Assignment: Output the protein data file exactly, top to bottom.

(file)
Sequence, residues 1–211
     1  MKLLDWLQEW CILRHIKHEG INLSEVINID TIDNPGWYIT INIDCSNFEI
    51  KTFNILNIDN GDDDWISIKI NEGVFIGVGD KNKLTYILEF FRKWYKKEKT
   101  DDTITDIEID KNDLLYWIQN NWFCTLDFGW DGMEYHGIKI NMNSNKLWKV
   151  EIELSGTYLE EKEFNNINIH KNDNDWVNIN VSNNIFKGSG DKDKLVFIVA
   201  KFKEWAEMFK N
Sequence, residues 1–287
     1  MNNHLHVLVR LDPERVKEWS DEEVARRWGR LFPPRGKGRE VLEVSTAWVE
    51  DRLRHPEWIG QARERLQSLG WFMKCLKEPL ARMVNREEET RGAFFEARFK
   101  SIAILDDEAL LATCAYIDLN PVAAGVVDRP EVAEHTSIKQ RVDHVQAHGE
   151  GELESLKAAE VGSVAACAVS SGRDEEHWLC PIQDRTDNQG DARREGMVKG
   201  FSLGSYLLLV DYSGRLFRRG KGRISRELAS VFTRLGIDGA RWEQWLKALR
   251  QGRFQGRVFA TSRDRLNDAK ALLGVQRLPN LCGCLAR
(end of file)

Sequence, residues 1–211
     1  MKLLDWLQEW CILRHIKHEG INLSEVINID TIDNPGWYIT INIDCSNFEI
    51  KTFNILNIDN GDDDWISIKI NEGVFIGVGD KNKLTYILEF FRKWYKKEKT
   101  DDTITDIEID KNDLLYWIQN NWFCTLDFGW DGMEYHGIKI NMNSNKLWKV
   151  EIELSGTYLE EKEFNNINIH KNDNDWVNIN VSNNIFKGSG DKDKLVFIVA
   201  KFKEWAEMFK N
Sequence, residues 1–287
     1  MNNHLHVLVR LDPERVKEWS DEEVARRWGR LFPPRGKGRE VLEVSTAWVE
    51  DRLRHPEWIG QARERLQSLG WFMKCLKEPL ARMVNREEET RGAFFEARFK
   101  SIAILDDEAL LATCAYIDLN PVAAGVVDRP EVAEHTSIKQ RVDHVQAHGE
   151  GELESLKAAE VGSVAACAVS SGRDEEHWLC PIQDRTDNQG DARREGMVKG
   201  FSLGSYLLLV DYSGRLFRRG KGRISRELAS VFTRLGIDGA RWEQWLKALR
   251  QGRFQGRVFA TSRDRLNDAK ALLGVQRLPN LCGCLAR